There is no doubting that Alexandra Burke delivers a sassy and funny performance as Deloris Van Cartier – but there are some lingering doubts about the story being made into a musical.
Based on the 1992 hit film starring Whoopi Goldberg, Sister Act has plenty of laughs but due much of the action happening in the convent – it feels a bit insubstantial for a musical – despite some great performances.
When nightclub singer Deloris witnesses her violent partner commit murder, she is forced to go into hiding as she offers (reluctantly) to become a witness and where better to hide than a convent – which is failing to draw as many people to its Sunday services as hoped. Together, Deloris and the other sisters must work together to make sure the church doesn’t close.
Craig Revel-Horwood’s production works in the way in which it shows the close bond between the sisters and Deloris as well capturing the spirit of the musical ensuring that the audience will have a great time. But there is no denying that this high energy and fast-paced production exposes the weaknesses and of course the flimsiness of the plot which makes it difficult to warm to – not helped by the fact much of the action is staged in one place, with only the occasional glimpse of other settings.
Yet, the choreography is fun throughout and there is plenty of laughs to be had, with one slow motion sequence of action particularly hilarious. It is an upbeat production that is warmly received by the audience, particularly during numbers such as ‘Take Me to Heaven’ and ‘Raise Your Voice’.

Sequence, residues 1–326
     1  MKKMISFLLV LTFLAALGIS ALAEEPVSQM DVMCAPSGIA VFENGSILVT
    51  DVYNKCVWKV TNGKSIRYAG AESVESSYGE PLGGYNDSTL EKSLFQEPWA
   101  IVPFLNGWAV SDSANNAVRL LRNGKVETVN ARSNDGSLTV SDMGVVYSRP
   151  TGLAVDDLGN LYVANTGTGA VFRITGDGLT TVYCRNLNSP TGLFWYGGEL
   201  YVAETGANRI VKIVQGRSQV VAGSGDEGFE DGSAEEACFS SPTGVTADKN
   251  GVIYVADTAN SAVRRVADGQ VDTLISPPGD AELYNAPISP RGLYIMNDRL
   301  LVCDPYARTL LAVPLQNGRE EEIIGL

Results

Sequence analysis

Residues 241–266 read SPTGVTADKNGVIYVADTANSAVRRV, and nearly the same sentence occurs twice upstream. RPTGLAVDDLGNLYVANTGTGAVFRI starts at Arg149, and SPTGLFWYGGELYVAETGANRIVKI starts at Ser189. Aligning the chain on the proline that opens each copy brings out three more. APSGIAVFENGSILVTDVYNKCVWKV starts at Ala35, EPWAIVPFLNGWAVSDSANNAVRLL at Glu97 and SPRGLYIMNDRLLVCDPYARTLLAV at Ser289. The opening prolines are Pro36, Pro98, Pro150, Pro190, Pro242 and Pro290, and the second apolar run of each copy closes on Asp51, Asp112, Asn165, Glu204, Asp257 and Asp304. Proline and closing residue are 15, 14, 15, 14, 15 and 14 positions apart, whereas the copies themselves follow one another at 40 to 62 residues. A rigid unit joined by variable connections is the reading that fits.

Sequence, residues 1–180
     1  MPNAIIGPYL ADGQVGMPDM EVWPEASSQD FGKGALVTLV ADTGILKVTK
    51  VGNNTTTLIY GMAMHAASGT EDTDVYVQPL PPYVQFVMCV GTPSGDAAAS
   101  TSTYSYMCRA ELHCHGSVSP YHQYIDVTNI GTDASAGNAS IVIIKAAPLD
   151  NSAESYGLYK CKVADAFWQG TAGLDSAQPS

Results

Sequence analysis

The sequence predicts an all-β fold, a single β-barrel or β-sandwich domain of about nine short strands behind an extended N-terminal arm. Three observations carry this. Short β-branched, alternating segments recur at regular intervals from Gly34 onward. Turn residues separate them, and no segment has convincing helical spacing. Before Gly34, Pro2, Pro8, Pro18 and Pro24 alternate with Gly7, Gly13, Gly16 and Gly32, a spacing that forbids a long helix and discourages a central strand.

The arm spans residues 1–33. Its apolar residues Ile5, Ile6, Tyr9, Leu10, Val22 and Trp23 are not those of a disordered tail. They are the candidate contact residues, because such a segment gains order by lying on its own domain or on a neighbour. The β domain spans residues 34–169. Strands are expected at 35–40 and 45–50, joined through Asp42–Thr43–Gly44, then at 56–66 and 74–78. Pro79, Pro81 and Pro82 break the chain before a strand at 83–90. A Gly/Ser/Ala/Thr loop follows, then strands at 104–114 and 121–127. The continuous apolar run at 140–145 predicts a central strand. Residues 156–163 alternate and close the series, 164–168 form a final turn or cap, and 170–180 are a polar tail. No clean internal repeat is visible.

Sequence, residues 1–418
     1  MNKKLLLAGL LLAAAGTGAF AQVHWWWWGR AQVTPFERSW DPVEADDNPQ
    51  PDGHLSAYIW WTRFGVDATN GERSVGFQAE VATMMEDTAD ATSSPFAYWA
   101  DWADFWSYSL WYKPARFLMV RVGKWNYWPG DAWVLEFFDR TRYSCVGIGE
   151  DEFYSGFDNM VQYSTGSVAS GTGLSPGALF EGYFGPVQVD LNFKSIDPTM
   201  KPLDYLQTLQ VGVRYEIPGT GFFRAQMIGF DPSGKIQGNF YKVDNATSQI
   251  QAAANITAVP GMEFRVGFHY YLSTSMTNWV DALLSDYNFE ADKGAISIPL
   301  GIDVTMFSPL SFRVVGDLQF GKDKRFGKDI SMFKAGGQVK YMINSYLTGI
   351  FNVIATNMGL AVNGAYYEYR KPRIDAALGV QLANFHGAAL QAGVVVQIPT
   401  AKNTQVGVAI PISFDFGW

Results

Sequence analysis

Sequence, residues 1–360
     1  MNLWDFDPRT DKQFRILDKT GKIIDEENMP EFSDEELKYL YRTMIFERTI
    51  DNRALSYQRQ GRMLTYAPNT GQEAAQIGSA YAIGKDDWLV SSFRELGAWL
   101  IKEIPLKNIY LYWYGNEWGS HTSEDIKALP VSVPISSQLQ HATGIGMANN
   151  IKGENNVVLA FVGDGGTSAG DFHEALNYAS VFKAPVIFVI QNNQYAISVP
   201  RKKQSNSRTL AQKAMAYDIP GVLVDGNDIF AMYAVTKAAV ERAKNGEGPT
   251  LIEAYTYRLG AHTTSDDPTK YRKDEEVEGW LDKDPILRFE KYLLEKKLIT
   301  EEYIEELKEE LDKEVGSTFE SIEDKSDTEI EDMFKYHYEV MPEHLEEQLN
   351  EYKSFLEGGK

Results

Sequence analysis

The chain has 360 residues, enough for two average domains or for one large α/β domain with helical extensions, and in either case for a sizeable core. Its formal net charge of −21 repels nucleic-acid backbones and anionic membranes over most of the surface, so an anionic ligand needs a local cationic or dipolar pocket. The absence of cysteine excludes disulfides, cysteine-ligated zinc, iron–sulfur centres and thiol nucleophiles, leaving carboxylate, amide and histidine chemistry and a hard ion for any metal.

There are some great performances to be enjoyed as well. Not least Alexandra Burke’s Deloris, suitably sassy and while self absorbed at the start emerges with a heart of gold that is instantly likeable. There are occasional moments when she slightly over exaggerates the comedy that it doesn’t feel natural, but overall she is a delight to watch.
Sarah Goggin as Sister Mary Robert really grows throughout her performance and certainly one of the stronger nuns on stage throughout, confidently transforming from timid to someone who finally manages to find her own voice perfectly. While Aaron Lee Lambert as the charmingly villainous Curtis has a wonderfully rich voice that is quietly sinister at the same time.
Ultimately, the performances are strong as is the music but overall the story and the production feels slightly too basic to be truly effective. But there is no doubting that many will still appreciate its sense of humour and joyful spirit.